We will now proceed to next item of business, Questions on Promised Legislation, for which 30 minutes is allocated. I note 18 Deputies are offering.
Ceisteanna ar Reachtaíocht a Gealladh - Questions on Promised Legislation
Regarding the implementation of Sláintecare, when will the detailed action plan relating to the report be published and debated at length in the House? There are many issues regarding whether Sláintecare will be followed seriously, given the meagre resources allocated towards its implementation in 2019 compared to its financial implications. The costings of it are significant, even though we have not been given comprehensive costings. A timeline for implementation and a sense of a sincere approach to the implementation of the plan are required because there is considerable scepticism about the Government's commitment to it.
The Sláintecare implementation office has been established, the director has been appointed, the implementation framework has been published and the action plan will be published before the end of the year. A decision on time to debate any matter in the Dáil is a matter for the Business Committee but I am sure we would be happy to facilitate that. There is a perception, which I am sure the Deputy knows is incorrect, that the €20 million set aside next year for Sláintecare implementation is all that is set aside for it. There is a lot more to it than that. There is a big increase in the capital budget and a big part of Sláintecare involves investment in new IT, new capacity such as bed capacity and primary care centres. There is also money in it to reduce prescription charges for people who have medical cards and people who do not. There is money in it to extend eligibility for the GP visit card and increasing the income eligibility limits. There are other investments as well. Nobody should make the mistake of thinking the €20 million is all that is set aside in 2019 for Sláintecare. There is a raft of measures ranging from capital spending to eligibility for medical cards and reduced prescription charges. All of those are Sláintecare measures.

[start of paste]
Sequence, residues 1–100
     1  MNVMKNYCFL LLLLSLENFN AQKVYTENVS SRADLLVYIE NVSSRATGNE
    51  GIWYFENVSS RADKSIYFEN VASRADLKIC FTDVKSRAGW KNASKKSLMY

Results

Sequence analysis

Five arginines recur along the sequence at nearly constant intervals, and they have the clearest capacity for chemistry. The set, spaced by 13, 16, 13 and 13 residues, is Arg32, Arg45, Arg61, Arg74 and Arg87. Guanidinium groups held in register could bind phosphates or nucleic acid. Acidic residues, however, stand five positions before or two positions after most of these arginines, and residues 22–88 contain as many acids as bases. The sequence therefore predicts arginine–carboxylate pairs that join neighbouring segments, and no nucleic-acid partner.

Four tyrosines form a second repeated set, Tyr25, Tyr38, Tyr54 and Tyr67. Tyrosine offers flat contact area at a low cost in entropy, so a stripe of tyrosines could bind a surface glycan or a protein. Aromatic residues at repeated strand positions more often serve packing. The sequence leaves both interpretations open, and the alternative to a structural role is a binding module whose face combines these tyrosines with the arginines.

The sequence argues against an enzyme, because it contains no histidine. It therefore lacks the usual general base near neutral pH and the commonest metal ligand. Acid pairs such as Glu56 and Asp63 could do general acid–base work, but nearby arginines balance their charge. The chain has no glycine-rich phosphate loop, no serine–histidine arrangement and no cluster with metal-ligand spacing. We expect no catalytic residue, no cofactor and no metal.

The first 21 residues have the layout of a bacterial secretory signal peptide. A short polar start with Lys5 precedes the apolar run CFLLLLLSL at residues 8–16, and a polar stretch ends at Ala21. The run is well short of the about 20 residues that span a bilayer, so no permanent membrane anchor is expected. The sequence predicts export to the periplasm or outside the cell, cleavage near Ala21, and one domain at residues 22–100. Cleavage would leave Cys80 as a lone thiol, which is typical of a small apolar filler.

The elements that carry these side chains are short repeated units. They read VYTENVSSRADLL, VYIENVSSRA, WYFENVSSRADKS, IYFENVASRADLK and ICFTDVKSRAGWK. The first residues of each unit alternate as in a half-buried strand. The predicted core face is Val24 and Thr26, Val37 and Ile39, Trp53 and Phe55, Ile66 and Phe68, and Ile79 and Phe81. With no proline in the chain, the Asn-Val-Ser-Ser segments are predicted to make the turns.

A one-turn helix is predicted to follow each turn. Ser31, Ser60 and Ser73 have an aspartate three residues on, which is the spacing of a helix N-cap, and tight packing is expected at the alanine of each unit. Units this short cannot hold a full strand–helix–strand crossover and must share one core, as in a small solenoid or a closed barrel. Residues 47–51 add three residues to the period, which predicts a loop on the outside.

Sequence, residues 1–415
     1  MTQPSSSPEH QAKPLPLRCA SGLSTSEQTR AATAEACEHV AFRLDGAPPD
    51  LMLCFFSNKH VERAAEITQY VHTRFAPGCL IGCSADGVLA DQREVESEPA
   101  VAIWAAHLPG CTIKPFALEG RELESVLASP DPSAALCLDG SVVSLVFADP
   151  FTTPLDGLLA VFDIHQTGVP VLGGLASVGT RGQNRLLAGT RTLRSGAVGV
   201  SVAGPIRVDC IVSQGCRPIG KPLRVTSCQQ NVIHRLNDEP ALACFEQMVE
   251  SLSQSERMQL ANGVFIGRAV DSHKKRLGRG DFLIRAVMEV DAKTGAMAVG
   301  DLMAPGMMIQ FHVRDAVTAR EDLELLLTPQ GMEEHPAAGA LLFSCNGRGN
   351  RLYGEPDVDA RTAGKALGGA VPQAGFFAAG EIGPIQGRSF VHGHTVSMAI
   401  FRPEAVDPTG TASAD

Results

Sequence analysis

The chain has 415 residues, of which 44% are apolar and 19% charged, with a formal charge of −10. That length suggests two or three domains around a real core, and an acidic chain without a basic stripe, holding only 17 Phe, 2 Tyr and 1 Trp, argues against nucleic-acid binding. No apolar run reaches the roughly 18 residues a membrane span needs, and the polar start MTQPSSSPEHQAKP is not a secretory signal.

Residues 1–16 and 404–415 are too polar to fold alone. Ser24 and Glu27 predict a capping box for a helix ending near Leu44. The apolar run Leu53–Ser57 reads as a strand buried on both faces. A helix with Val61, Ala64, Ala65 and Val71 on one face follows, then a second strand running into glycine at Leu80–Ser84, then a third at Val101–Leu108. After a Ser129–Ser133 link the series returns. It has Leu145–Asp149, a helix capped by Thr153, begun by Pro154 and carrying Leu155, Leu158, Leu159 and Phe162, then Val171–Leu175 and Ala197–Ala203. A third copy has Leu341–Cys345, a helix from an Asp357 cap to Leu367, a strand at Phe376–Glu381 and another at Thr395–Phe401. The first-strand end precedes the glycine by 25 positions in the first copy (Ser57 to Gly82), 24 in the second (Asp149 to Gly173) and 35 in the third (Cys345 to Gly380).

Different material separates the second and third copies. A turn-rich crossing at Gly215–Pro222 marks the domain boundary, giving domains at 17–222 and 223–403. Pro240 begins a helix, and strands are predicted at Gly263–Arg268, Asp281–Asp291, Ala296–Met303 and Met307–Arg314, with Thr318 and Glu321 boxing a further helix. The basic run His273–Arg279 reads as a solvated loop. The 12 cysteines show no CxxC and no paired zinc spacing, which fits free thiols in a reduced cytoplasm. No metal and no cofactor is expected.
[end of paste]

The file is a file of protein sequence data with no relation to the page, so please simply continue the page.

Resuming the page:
Earlier this morning, questions on the tendering process in respect of the national broadband plan, NBP, arose. Next week, we will have the opportunity to deliberate further on those matters but I want to raise the fact that more than 500,000 rural homes, businesses and farms are due to receive fast-tracked high-speed broadband connections next year. The Taoiseach has confirmed that contract will be signed in January. Will he confirm that again for the House? When will Members and communities receive details of the locations that are to be connected next year? I was in Kerry recently where the Healy-Raes live-----
-----the Healy-Raes' kingdom, in Tralee and Castleisland. The issues facing rural Ireland are manifold. They cannot be reduced down to broadband but there is significant impatience with delivery. While all of this ruaille buaille about procurement and so on plays out politically, people are left without this service. Will the Taoiseach confirm the January date? Can he tell us when we and people outside this House will know the precise locations for connection?
The position is that the final tender, which was at the end of a competitive dialogue, was lodged with my Department on 18 September. That tender is now being evaluated by the Department to examine issues such as the robustness of the technology, the governance of the project, and value for money. I hope to be in a position to bring that to Government for a decision in the near future. It would not be possible for me or anyone else to outline a particular timescale or schedule until a contract is signed and the Government makes a decision to approve a particular proposal. This is at the end of a long process of procurement and we have to wait for a decision before we can indicate the outcome and the particular schedule.
This morning, I had the privilege of meeting a most impressive person, Jackie Fox. Jackie has been a campaigner since her beloved daughter, Nicole, whom she knew as Coco, died by suicide in January of this year after prolonged and vicious online harassment. She was accompanied by another woman whose son is currently enduring similar harassment. The emotion was palpable and there are many people like that who are enduring incredible pressure. The Taoiseach will recall that there was a consensus in this House to enact legislation I brought in last year, the Harassment, Harmful Communications and Related Offences Bill 2017. We had co-operation across the House and with the Department of Justice and Equality to introduce this. It is urgent. They have been to the gardaí and the gardaí say there are no laws to address the type of appalling behaviour that drives children to suicide. I ask that we agree as a House, in memory of Nicole, or Coco as her mum called her, to try to enact this quickly.
I support Deputy Howlin. This is a tragic case. The Deputy is correct that there is proposed legislation from the Labour Party but, in practical terms, the passing of legislation needs the Government to engage meaningfully. There is cross-party support on this issue. Last week, legislation relating to vulture funds was initiated here but was largely supported by the relevant Departments. I ask the Taoiseach to do the same with Labour's proposed legislation on this issue and ensure the Government deals with it on a cross-party basis and advances it as quickly as possible.